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Wouldn't it be better to see an error when dividing an odd integer by 2 than an incorrect calculation?

Example in Ruby (I'm guessing its the same in other languages because ints and floats are common datatypes):

39 / 2 => 19

I get that the output isn't 19.5 because we're asking for the value of an integer divided by an integer, not a float (39.0) divided by an integer. My question is, if the limits of these datatypes inhibit it from calculating the correct value, why output the least correct value?

  • Correct = 19.5
  • Correct-ish = 20 (rounded up)
  • Least correct = 19
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Why is 20 more correct? –  Oliver Charlesworth May 28 '12 at 19:56
Rounding isn't simple - there's MANY different rules for rounding values, and there isn't one rule that will satisfy everyone. What if this program was actually calculating lengths of materials for processing? Better to be half an inch short rather than half an inch too long and jamming up a machine. –  Marc B May 28 '12 at 19:56
Good question. I guess 20 being more correct is more of a social construction than a mathematical reason since the distance to 19 and 20 from 19.5 is equal. For better or worse, its a common understanding to round up from .5. –  Michael M May 28 '12 at 19:58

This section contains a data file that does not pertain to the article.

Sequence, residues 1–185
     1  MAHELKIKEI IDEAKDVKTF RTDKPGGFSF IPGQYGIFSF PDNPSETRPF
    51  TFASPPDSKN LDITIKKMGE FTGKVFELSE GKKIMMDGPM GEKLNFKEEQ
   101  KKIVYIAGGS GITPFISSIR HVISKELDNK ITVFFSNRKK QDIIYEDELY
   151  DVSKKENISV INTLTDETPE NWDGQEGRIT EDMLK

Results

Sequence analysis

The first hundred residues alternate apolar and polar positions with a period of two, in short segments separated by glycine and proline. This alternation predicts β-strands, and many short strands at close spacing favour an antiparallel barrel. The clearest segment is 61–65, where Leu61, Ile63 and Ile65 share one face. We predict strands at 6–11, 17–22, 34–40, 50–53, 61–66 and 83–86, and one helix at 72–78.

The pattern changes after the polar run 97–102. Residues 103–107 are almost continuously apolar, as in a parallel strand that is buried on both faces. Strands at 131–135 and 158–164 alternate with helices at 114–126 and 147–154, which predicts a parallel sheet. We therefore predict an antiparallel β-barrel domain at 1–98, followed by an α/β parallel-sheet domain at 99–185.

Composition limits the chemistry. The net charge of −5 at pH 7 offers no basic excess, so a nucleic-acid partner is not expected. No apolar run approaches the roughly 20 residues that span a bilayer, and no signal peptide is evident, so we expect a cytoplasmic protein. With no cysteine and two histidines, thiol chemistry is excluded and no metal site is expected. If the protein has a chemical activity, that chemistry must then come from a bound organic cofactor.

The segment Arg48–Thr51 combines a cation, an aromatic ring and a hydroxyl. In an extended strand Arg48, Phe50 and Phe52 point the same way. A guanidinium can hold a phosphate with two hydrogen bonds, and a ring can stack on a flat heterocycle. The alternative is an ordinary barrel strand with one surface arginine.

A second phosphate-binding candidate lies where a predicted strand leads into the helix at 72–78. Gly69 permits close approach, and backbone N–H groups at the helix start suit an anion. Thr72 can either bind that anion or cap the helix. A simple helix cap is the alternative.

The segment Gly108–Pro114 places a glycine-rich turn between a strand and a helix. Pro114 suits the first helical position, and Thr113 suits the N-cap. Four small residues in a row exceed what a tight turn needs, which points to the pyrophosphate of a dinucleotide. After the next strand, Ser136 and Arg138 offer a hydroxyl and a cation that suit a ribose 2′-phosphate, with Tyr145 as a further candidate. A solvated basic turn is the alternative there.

There is a very good mathematical reason for it. It tells how many total 2s are there in 39. –  WojtekT May 28 '12 at 20:00
@WojtekT Thank you. When expressed like that, 19 does indeed become more correct than 20. –  Michael M May 28 '12 at 20:09

3 Answers 3

Wouldn't it be better to see an error?

Throwing an error would be usually be extremely counter-productive, and computationally inefficient in most languages.

And consider that this is often useful behaviour:

total_minutes = 563;
hours   = total_minutes / 60;
minutes = total_minutes % 60;

  • Correct = 19.5
  • Correct-ish = 20 (rounded up)
  • Least correct = 19

Who said that 20 is more correct than 19?

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Among other reasons to keep the following very useful relationship between the sibling operators of division and modulo.

Quotient: a / b = Q

Remainder: a % b = R

Awesome relationship: a = b*Q + R.

Also so that integer division by two returns the same result as a right shift by one bit and lots of other nice relationships.

But the secret, main reason is that C did it this way, and you simply don't argue with C!

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Of course, this all starts to fall apart for negative values... (en.wikipedia.org/wiki/…) –  Oliver Charlesworth May 28 '12 at 20:05

If you divide through 2.0, you get the correct result in Ruby.

39 / 2.0 => 19.5
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